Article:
CNBC is set to air a documentary on Thursday night on Mr.305/Worldwide's life — because apparently that's the kind of thing CNBC airs at night, who knew? — and scored an interview with the Miami rapper to flesh out the program.
Politicians on both sides of the aisle have long tried to court Pitbull's support, but he's been hesitant to make many public affirmations of his private political leanings.
He did introduce President Barack Obama at a campaign stop back in 2012, but he spent his last birthday hobnobbing with Republican Gov.Rick Scott. Despite his aversion to public politics, Miami's Republican machine has tried to woo him. Longtime Miami Republican strategist (and current The View contributor) Ana Navarro told BuzzFeed earlier this year that she's tried to bring him to the GOP side.
CNBC reporter Michelle Caruso-Cabrera tried to suss out more details about Pitbull's politics.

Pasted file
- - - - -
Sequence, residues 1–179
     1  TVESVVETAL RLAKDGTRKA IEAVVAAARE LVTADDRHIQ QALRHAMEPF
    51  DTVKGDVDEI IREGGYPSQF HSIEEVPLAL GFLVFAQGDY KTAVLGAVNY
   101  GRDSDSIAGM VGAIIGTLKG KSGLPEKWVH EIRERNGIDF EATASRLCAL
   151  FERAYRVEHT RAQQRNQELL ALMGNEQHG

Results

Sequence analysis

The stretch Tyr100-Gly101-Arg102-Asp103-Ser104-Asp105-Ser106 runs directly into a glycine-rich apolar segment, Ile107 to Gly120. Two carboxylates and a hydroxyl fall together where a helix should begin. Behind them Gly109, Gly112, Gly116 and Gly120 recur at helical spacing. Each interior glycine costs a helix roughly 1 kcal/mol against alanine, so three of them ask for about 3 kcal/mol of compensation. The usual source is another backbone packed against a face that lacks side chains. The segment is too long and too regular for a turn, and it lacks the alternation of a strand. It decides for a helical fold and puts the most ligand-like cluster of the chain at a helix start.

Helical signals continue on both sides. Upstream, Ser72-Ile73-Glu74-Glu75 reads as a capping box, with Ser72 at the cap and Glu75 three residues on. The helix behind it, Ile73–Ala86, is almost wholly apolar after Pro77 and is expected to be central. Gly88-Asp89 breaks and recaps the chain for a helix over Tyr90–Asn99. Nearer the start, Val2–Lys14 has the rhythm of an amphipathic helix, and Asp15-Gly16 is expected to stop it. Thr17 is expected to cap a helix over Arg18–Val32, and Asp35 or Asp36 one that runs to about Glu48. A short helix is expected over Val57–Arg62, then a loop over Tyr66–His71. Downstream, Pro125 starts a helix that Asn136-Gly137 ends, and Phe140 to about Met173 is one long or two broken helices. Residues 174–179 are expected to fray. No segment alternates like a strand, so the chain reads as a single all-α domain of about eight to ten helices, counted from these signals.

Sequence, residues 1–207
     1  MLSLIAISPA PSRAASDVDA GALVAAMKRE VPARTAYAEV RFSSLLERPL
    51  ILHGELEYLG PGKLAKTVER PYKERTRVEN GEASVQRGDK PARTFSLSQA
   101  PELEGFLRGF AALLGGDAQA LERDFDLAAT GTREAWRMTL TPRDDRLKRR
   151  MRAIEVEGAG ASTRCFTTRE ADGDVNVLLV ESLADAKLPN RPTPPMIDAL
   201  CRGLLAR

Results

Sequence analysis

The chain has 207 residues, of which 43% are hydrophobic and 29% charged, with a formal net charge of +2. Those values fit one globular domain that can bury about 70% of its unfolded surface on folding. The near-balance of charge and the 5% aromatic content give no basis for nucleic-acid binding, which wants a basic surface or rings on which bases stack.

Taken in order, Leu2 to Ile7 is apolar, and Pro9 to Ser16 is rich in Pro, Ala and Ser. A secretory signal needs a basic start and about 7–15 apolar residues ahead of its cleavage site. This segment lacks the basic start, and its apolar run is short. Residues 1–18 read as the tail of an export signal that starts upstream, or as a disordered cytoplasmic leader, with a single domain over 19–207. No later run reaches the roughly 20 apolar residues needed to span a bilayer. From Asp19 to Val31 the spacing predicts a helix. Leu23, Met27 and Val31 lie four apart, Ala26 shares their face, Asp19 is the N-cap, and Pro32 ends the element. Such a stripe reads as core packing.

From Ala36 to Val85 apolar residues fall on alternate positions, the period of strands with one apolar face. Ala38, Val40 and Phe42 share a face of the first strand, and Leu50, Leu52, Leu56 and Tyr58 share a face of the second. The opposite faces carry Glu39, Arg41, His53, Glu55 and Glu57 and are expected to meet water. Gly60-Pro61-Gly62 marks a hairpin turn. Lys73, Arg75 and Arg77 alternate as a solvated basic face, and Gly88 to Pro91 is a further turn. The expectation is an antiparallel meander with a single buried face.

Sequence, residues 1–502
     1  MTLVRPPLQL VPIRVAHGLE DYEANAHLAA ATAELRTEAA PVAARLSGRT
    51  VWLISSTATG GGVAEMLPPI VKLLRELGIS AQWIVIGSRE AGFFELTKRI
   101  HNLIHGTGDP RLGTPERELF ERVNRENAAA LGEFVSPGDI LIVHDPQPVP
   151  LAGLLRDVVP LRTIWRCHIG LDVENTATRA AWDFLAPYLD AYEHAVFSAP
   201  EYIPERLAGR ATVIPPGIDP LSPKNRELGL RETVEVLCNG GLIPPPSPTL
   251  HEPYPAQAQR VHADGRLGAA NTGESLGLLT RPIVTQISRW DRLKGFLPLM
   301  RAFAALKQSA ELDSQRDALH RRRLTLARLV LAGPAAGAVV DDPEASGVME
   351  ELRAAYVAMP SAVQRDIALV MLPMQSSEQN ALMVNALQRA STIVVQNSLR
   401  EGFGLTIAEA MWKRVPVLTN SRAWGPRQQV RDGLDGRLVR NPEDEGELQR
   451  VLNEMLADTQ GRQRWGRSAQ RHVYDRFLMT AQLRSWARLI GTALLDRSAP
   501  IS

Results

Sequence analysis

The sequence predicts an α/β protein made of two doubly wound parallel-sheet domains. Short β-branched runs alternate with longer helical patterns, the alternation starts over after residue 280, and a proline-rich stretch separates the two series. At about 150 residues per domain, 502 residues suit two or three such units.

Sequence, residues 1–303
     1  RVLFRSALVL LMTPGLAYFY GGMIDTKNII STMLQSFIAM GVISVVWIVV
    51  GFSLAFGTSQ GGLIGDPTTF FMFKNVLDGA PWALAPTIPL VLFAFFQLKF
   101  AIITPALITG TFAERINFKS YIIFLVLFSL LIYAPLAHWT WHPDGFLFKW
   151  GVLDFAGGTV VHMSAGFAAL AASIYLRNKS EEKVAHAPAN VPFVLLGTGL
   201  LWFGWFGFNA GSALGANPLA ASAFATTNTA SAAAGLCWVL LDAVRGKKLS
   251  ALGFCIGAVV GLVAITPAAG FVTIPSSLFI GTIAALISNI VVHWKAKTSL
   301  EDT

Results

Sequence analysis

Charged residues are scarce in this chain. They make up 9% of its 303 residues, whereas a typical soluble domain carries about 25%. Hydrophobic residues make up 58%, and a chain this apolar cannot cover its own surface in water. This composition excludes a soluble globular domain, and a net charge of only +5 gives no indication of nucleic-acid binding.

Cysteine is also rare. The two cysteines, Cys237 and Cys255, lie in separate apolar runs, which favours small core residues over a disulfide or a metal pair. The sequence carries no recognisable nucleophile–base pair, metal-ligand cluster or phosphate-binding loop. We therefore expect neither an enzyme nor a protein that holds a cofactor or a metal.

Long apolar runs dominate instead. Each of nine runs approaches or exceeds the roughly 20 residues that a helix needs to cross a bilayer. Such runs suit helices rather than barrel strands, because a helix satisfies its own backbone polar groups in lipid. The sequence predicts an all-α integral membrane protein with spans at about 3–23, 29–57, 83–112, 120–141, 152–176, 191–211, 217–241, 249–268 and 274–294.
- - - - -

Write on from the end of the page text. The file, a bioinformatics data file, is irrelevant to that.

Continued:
"They've all come to you, haven't they? Looking for endorsements?" she asks about his connections to Rubio and Bush.
"Not looking for endorsements," he replied. "They like to hang out and talk. And I like to hang out and talk. I like to learn. I like to hear what they got going on and what they're thinking."
So in between spending time in Lebanon (where "the woman are the bomb") and Greece (where, you guessed it, "The women are sweet") he finds time to talk with Republican politicians about their ideas.
Pit however clarified there is one Republican politician whose ideas he doesn't want to hear much more of, and that's obviously Donald Trump. He claims his remarks were "very offensive and disrespectful to our culture."